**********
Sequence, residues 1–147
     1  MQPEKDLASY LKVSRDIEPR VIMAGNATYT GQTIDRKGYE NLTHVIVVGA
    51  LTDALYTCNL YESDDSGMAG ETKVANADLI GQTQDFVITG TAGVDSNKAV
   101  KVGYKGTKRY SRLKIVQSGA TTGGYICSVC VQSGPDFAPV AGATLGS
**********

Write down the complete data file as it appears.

Sequence, residues 1–147
     1  MQPEKDLASY LKVSRDIEPR VIMAGNATYT GQTIDRKGYE NLTHVIVVGA
    51  LTDALYTCNL YESDDSGMAG ETKVANADLI GQTQDFVITG TAGVDSNKAV
   101  KVGYKGTKRY SRLKIVQSGA TTGGYICSVC VQSGPDFAPV AGATLGS